Abraham Lemaistre
(Between 1639-1722)

 

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Spouses/Children:
Unknown

Abraham Lemaistre 98

  • Born: Between 1639 and 1645, St. Maries Parish, Isle Of Jersey, Channel Islands England
  • Marriage: Unknown about 1660
  • Died: 6 Dec 1722, Charles Co., Maryland about age 82
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bullet  General Notes:

Abraham LeMaistre was said to be born in the parish of Derval, a small village located in the province of Brittany, France, about 1639, by the book Lemasters, USA> By the request of his son John, court records say Abraham was born in St. Maries Parish in old Jersey, to John and Sarah Lemaistre. Perhaps the following statements applied to his ancestors:

"The Lemaitre family has a documented existence in Brittany which extends back to the 13th Century. The LeMaitre family early came under the influence of the reform doctrines of John Calvin and the Swiss political reformer Bezanson Hugues, whose followers were called Huguenots. As Huguenots, the LeMaitres undoubtedly suffered thorough many of the political and religious purges which swept France throughout the 16th Century."

In the late 1650's, Abraham LeMaitre left Brittany and emigrated to England. Once there Abraham anglicized his surname to "Lemasters", an unusual translite4ration since the name retains the French article and combines it with the English noun. Abraham's surname was spelled in America with many variants, including Le Master, Lemastr (s), Lemaitre, and de la Maitre. Lemaster or Lemasters is the most commonly used among his descendants.

Abraham Lemaistre arrived aboard ship in St Mary's County, Maryland, about 1661, with his wife, and perhaps one daughter. He had barely recovered his land legs when he signed an indenture with one John Smith to serve him for the next seven years as a carpenter. We see that being an indentured servant did not exclude on from civic affairs, as Benjamin witnessed a will in 1662, and in 1665 was listed as a witness in a court action. At least three children were born during this time.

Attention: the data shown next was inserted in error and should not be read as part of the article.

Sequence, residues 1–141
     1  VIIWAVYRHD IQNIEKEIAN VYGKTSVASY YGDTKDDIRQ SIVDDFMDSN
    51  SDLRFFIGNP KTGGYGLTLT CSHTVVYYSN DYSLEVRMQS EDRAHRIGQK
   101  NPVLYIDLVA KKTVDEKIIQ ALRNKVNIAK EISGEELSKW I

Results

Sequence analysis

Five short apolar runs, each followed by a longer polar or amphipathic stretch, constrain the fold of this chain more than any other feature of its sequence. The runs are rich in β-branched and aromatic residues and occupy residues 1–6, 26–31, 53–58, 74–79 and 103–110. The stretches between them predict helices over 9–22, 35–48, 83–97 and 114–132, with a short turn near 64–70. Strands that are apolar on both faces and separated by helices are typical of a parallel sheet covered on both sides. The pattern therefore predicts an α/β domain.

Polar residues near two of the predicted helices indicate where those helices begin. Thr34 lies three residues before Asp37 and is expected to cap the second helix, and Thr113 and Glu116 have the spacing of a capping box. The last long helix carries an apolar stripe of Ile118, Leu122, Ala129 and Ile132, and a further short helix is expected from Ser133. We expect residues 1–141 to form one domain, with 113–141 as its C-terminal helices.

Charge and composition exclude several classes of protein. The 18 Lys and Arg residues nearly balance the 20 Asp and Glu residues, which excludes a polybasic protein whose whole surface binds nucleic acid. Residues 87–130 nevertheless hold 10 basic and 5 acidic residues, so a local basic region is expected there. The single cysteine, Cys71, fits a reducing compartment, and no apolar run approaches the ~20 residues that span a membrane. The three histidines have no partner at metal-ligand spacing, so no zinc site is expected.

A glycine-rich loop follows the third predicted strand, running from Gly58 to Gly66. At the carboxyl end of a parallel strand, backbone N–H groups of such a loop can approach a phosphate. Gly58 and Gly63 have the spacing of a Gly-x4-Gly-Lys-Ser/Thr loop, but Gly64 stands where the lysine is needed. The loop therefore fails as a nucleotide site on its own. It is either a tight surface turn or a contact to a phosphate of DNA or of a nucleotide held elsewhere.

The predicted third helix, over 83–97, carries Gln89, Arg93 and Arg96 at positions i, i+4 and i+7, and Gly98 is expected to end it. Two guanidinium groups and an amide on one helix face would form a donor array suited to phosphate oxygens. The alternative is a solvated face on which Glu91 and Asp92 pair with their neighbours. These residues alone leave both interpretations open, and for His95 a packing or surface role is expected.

The privations of colonial life took a heavy toll on early Marylanders. Nearly 35,000 people immigrated to the colony between 1634 and 1680, yet only 20,000 lived in Maryland in 1680. Met with new diseases of the swampy Chesapeake Bay, and poor shelter, many immigrants perished during their first year.

Maryland's greatest need in its formative years was a sturdy, reliable work force. The immediate answer to this problem was the indentured servant system. The contract offered those willing to sell their labor and broad shoulders for a chance to start a new life in America. Most indentures called for a period of bound servitude lasting seven years. When the term of service was complete the former servants received what was known as "freedom dues", which included a grant of 50 acres.

After assigning his freedom dues land grant to Roger Snell, Abraham Lemasters became a tenant on a plantation of two hundred acres known locally as "Betty's Delight". Abraham and his wife farmed this land for several years, until he bought it from Edward Evans, in 1685. It was on the western edge of Zekiah Swamp, which at that time was in St Mary's Co., MD. An adjustment of the line between St. Mary's Co. and Charles Co., in the 1680's placed "Betty's Delight" in Charles Co., MD. Zekiah Swamp was then the "Western Frontier", which those in later generations thought of as Kentucky, Indiana, Missouri, or Oregon, depending in which generation they lived.